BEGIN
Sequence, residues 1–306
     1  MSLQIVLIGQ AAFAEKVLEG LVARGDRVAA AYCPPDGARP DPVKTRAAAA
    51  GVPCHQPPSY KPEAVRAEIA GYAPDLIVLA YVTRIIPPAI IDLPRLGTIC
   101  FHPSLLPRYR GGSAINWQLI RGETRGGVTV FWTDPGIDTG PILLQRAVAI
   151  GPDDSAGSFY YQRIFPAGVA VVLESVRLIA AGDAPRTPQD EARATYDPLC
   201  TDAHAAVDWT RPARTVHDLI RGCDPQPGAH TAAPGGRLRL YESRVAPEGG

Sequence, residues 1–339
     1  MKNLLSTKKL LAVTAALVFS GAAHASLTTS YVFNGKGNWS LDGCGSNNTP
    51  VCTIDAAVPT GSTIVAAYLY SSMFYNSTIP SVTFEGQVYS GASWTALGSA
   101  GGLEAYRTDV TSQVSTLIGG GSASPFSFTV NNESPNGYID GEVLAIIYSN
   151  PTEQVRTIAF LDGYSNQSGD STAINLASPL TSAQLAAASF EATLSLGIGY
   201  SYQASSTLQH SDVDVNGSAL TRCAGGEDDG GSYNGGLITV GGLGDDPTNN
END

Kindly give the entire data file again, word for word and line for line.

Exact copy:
Sequence, residues 1–306
     1  MSLQIVLIGQ AAFAEKVLEG LVARGDRVAA AYCPPDGARP DPVKTRAAAA
    51  GVPCHQPPSY KPEAVRAEIA GYAPDLIVLA YVTRIIPPAI IDLPRLGTIC
   101  FHPSLLPRYR GGSAINWQLI RGETRGGVTV FWTDPGIDTG PILLQRAVAI
   151  GPDDSAGSFY YQRIFPAGVA VVLESVRLIA AGDAPRTPQD EARATYDPLC
   201  TDAHAAVDWT RPARTVHDLI RGCDPQPGAH TAAPGGRLRL YESRVAPEGG

Sequence, residues 1–339
     1  MKNLLSTKKL LAVTAALVFS GAAHASLTTS YVFNGKGNWS LDGCGSNNTP
    51  VCTIDAAVPT GSTIVAAYLY SSMFYNSTIP SVTFEGQVYS GASWTALGSA
   101  GGLEAYRTDV TSQVSTLIGG GSASPFSFTV NNESPNGYID GEVLAIIYSN
   151  PTEQVRTIAF LDGYSNQSGD STAINLASPL TSAQLAAASF EATLSLGIGY
   201  SYQASSTLQH SDVDVNGSAL TRCAGGEDDG GSYNGGLITV GGLGDDPTNN